Description of the
deliberately response, emphasised the pride which the Company took in furthering the cause of medical research and wished a
stating this evidence,
1038 His experiments complete, Harvey writes his book. The last part of the film represents him turning the pages of this work ; his hands close the book and lay it on one side, before becoming still. THE HEART-LUNG PREPARATION. RECENT ADDITIONS TO OUR KNOWLEDGE OF THE
tube R enclosed by a glass tube T, the air in the space between the rrbber and the glass being subjected to any required pressure (measured by the manometer M2) by means of a hand bellows attached to the tubulure W. Thus the left ventricle is compelled, in order to eject its charge, to overcome this resistance which may be maintained constant or varied at will. From the peripheral resistance the blood flows through a warming coil to the venous reservoir to repeat the circuit already described. All the vessels conducting blood to and from the heart are ligatured with the exception of the superior vena cava and the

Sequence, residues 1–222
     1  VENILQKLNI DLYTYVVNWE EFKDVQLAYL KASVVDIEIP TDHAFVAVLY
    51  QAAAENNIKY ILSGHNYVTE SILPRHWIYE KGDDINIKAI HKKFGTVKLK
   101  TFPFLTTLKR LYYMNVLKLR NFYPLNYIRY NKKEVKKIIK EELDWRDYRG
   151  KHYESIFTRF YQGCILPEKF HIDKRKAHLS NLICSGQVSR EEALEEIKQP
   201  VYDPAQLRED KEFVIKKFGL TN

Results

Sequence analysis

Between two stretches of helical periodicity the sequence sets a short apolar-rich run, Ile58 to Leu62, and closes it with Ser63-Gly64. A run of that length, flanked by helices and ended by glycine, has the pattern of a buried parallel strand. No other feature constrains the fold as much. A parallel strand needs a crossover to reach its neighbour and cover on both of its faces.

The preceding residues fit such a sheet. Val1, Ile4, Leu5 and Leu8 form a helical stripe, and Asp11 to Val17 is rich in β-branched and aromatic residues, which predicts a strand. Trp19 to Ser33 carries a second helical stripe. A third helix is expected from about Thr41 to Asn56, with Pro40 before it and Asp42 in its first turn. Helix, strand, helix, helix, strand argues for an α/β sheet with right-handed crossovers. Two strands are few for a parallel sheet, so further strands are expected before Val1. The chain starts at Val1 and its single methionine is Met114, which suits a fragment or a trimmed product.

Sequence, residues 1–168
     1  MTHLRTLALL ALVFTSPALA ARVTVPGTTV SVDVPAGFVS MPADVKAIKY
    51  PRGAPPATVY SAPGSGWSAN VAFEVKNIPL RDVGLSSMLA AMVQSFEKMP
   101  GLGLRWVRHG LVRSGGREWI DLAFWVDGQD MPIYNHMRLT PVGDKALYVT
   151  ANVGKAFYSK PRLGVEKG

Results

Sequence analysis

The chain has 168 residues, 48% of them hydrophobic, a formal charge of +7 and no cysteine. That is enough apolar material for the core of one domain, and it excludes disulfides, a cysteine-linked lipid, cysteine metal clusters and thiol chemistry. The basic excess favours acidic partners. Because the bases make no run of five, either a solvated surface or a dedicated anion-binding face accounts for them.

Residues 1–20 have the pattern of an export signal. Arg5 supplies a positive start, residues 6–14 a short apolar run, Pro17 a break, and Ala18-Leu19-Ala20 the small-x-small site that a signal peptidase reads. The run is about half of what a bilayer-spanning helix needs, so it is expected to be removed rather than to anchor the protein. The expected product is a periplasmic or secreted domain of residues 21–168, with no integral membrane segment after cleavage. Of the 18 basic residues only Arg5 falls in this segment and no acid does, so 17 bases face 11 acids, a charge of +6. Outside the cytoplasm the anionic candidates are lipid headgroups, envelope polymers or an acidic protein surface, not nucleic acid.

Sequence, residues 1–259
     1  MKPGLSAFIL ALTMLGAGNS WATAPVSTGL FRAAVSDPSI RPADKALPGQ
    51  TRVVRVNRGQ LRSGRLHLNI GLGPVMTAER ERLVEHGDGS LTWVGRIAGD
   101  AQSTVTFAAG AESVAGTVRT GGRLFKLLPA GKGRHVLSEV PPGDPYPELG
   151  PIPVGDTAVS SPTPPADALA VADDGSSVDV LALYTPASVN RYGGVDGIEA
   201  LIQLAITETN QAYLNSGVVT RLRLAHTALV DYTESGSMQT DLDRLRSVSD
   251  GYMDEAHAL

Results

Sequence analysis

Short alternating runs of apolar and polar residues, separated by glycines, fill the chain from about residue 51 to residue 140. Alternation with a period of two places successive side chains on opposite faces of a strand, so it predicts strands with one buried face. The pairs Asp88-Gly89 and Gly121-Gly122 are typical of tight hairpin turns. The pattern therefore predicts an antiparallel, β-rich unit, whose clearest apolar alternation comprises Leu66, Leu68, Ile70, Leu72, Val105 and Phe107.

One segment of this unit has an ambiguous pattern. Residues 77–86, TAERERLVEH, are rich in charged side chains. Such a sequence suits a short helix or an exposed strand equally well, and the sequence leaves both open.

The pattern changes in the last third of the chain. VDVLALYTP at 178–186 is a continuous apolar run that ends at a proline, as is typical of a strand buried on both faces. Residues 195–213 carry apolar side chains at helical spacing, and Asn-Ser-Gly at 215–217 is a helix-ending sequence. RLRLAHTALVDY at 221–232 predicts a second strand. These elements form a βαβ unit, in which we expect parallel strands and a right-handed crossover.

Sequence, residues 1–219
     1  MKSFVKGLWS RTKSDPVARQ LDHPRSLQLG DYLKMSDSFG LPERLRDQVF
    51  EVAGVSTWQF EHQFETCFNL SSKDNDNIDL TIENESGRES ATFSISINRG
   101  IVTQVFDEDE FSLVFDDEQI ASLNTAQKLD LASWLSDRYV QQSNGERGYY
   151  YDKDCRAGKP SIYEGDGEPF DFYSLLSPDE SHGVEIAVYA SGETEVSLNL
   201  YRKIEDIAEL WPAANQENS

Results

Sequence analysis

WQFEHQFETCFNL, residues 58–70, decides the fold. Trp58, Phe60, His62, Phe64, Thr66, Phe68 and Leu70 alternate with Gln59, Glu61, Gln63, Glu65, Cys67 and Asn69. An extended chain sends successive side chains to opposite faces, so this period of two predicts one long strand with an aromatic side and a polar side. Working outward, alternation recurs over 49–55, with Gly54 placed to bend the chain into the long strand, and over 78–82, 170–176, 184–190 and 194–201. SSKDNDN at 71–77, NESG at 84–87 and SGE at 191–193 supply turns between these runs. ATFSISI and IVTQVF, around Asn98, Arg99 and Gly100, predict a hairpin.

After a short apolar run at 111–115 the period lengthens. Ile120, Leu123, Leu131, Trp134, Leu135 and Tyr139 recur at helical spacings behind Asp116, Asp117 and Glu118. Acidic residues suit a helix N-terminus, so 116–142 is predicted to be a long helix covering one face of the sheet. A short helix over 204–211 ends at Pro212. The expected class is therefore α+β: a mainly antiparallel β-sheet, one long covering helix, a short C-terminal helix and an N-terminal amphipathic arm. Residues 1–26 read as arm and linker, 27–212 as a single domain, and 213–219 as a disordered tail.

By Prof. E. B. VERNEY. THE introduction of the experimental method to the solution of biological problems has made possible, and marks the beginning of, a series of investigations and discoveries to which the degree of control which ’ we now possess over both physiological and pathological states in man, is directly and solely attributable. During the last 300 years physiological problems of fundamental moment have appeared and have been solved in rapid succession, the simultaneous extension of the mathematical and physical sciences on the one hand supplying effective weapons for their investigation, and on the other aiding in the rational interpretation of the results obtained. In the history of the physiology of the circulation, just as in that of any other branch of scientific knowledge, the discovery of a relationship of cause and effect between two phenomena has initiated attempts at formulating this relationship in a quantitative manner. And the success of such attempts is directly proportional to the degree to which uncontrolled and disturbing factors can be excluded from the investigation. The necessity for such an exclusion has prompted, therefore, in recent years the expenditure of a large amount of thought and practical ingenuity in the task of reducing a. physiological problem to its simplest possible a paper by S. W. Patterson and E. H. Starling in terms, in the hope that the accurate sketch so made of (Reprint from the Journal of Physiology, 1914, xlviii., 35 t.) .i the fundamental processes at work may later be amplified so as to take its true share and position brachiocephalic artery, both of which are provided in the complete picture of the physiology of man. with cannulae as already described. Manometers M3, Recent advances in the study of the circulation may be connected to cannulae tied into the inferior illustrate this tendency in contemporary thought M4, vena cava and left auricle respectively, and the and work. Sympathetic stimulation quickens the therein registered. A third manometer, M7, heart-rate, vagal stimulation slows it. Is the increased pressures is connected to a side limb of the brachiocephalic frequency in fever due to the effect of temperature cannula and records the arterial blood pressure. directly on the pacemaker, or indirectly through the The lungs are not shown in the figure. A cardiometer intervention of the cardiac nerves ? During exercise is placed over the ventricles, and changes in their the pulse accelerates, the stroke output and minute volume registered by connecting it to a piston recorder. output of the heart increase. Is the acceleration a such a preparation, then, the inflow to the heartnecessary accompaniment of an increased energy alterable at will by adjusting the screw clip on the expenditure by the heart muscle, or are the two venous reservoir tube-the temperature and composiphenomena mutually independent ? It is clear tion of the circulating blood, and the degree of that, in order that questions such as these may be peripheral resistance are under rigid experimental answered with a reasonable hope of truth, and control, and the systemic output of the heart may especially if it is desired to probe more deeply into readily be measured by taking the time of outflow of a the mechanism by which the mammalian heart volume of blood from the T-tube X. given reacts to changes in the work which it is called upon Changes in the rate of venous inflow or in the to perform, a preparation must be available in which resistance are found to be without effect the heart is freed from all nervous control, and in peripheral on the rate of the heart, this being determined solely which the supply of blood to the right auricle and the temperature of the blood-supply. Furthermore, the pressure against which the left ventricle ejects by changes in rate occasioned by alterations in the its contents, are under direct experimental control. of the blood do not influence the minute Such a preparation came into being chiefly through temperature of the heart, this being determined solely by output the ingenuity of the late Prof. E. H. Starling, and the the venous inflow. increase in the work which researches which he and his pupils undertook with it the heart is called Any to do is upon accompanied by have thrown a flood of light on the mechanism by an in its diastolic volume, be this augmentation which this organ reacts to changes in its environment. increased work occasioned by a rise in the peripheral The preparation was shown at the Harvey resistance or by an increase in the venous inflow. Tercentenary Celebrations by the Royal College of The heart, therefore, dilates in order to do more work, Physicians of London, and Starling’s " Law of the the energy liberated by each contraction being The arrangement of the determined by the initial length of the muscle-fibre, Heart " demonstrated. preparation is shown in the figure here given. just as is the case in skeletal muscle. This relationship Blood passes from the venous reservoir on the between the length of the heart-fibre and its power of left of the figure to a cannula provided with a contraction was called by Starling " the law of the thermometer and tied into the superior vena cava heart."" More recent experiments by Starling and his (SVC), thence to the right auricle, right ventricle, pulmonary artery, lungs, left auricle, left ventricle pupils haveshown that there is a direct linear and aorta (Ao), through a second cannula tied into relationship between the diastolic volume of the heart the brachiocephalic artery (CA), to the peripheral and its oxygen consumption. During the course resistance TR. This is composed of a thin rubber of an experiment with the heart-lung preparation,